If open source has a mantra, it must surely be, “Free as in speech, not free as in beer.” Software, we claim, should be unencumbered, allowing consumers of the software to run, copy, distribute, study, change, and improve the code as they see fit — in other words, free, as in liberty, to exploit the code.
But “free as in speech” isn’t just a simile for open source. It’s also one of its best practices. Most open source projects operate as a community, where freewheeling, democratic, and even contentious debate improves both the code and the community. All are welcome. “Citizenship” is attained via contribution. Leadership is awarded by merit.
Better yet, the evolution of the community (the people and the product) plays out in public, typically in a forum, mailing list, or newsgroup, and, of course, in each project’s source code tree. Thanks to the wonders of the Internet, the government of an open source project is uniquely chronicled in real-time for all to see and critique.
As this issue of Linux Magazine goes to press, the kernel development community is focusing some of that invaluable discordant debate on how to manage kernel security risks. The quandary: announce exploits or keep them a secret? Broadcast vulnerabilities to the good and bad guys, or maintain the status quo until a fix is available?
To date, Linux kernel developers have favored immediate disclosure — followed almost immediately by repair. Indeed, most open source projects react so speedily. However, the danger of the kernel team’s policy that “honesty is the best policy” is that nothing is immediate in the real world. Even if Linus Torvalds or Andrew Morton fixes an exploit within hours, the new kernel takes time to propagate to distributions, vendors, and eventually, users. In the interim, the bug is out of the proverbial bag.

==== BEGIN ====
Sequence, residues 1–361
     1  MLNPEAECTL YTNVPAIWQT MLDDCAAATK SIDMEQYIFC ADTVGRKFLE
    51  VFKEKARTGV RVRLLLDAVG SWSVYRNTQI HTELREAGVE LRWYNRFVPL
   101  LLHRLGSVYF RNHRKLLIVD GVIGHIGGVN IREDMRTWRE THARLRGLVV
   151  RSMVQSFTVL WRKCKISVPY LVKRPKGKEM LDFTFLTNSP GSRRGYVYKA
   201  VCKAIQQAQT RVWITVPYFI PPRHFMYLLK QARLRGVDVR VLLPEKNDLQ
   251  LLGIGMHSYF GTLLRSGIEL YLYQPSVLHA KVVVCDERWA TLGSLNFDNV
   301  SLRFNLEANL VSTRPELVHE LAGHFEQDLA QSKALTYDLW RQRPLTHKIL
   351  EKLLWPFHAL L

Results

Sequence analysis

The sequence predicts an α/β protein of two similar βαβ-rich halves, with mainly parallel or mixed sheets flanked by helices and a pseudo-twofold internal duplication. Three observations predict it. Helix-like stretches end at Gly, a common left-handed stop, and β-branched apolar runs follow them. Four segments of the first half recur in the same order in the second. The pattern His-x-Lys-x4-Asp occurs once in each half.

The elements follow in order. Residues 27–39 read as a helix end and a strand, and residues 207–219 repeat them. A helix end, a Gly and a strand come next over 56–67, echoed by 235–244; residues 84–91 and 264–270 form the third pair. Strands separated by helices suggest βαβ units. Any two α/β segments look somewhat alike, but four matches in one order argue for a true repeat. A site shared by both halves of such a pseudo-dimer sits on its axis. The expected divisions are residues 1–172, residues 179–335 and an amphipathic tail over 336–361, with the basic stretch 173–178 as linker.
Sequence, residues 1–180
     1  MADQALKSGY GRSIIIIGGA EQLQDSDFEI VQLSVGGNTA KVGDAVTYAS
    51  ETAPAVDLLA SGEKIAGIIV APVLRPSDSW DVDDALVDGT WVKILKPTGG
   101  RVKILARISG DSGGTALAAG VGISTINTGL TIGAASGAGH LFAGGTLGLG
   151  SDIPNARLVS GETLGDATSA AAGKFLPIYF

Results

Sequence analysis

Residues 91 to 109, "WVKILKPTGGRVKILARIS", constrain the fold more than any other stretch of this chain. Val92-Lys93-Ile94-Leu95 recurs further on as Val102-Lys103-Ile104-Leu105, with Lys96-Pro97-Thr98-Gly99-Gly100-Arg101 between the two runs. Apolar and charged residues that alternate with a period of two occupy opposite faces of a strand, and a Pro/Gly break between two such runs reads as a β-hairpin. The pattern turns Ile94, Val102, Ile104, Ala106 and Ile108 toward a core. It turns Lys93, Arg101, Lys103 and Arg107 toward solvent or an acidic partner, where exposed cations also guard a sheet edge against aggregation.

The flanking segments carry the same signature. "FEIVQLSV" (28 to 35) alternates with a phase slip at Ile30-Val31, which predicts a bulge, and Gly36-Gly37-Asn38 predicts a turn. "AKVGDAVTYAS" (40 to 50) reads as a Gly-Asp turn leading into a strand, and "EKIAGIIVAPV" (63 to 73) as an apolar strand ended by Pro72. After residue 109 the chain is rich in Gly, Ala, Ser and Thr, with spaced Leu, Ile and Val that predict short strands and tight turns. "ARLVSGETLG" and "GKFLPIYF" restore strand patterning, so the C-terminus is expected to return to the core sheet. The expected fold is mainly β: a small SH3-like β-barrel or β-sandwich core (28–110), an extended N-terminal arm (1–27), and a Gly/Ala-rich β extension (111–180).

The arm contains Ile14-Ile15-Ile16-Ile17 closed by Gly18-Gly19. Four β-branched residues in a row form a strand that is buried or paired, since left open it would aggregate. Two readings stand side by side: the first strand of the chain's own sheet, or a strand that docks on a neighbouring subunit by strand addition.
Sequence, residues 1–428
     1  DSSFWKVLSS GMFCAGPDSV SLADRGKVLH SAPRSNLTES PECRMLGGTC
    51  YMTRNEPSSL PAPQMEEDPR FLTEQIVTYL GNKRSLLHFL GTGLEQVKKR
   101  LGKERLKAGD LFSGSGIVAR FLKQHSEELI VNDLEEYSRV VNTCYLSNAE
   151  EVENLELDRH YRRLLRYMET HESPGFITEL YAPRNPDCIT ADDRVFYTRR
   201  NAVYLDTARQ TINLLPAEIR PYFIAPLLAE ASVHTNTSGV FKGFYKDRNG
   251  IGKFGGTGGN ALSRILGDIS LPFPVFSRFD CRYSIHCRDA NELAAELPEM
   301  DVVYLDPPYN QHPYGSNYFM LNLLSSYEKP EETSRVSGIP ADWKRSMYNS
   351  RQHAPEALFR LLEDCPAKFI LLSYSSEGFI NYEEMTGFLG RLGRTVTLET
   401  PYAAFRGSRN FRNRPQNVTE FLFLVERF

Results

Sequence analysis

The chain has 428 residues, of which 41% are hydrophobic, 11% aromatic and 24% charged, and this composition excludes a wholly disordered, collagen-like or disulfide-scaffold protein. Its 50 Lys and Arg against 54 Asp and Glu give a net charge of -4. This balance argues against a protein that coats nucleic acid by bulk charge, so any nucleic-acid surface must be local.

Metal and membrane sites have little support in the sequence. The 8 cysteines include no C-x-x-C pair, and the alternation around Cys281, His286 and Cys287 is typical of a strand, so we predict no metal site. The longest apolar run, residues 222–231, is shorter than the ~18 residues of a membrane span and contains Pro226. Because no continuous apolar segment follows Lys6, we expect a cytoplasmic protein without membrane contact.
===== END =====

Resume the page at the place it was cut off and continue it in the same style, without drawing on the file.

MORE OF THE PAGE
Torvalds has already weighed in on the matter, saying, “Kernel bugs should be fixed as soon as humanly possible, and any delay is basically just about making excuses. And that means that as many people as possible should know about the problem as early as possible, because any closed list — or even just anybody sending a message to me personally — just increases the risk of the thing getting lost and delayed for the wrong reasons.”
And if you have any doubt, just look at the debacle that is Microsoft Windows security. At one point last year, Microsoft wanted to quell publication of flaws discovered by security researchers and users until the company could analyze the issues and respond. (That makes me laugh. It reminds me of the final scene of Raiders of the Lost Ark. Who’s working on the exploit, Mr. Gates? Top men.)
Moreover, following any other methodology would grossly undermine the open source process. Yes, open source can be chaotic. Yes, it is hard to capture and reproduce the results of the Linux kernel team. Yes, loosing an exploit does carry some risk. But any other choice bifurcates bugs into first- and second-class citizens. And with that comes first- and second-class citizens.
Inifinitely practical, Linus Torvalds has famously said, “Given enough eyeballs, all bugs are shallow.” If “Free as in speech, not free as in beer” is open source’s Constitution, then Linus’ quote — the so-called Linus’ Law — is its First Amendment.
And in the case of kernel exploits, Linus’ Law should be followed to the letter.
Martin Streicher is the Editor-in-Chief of Linux Magazine. He can be reached at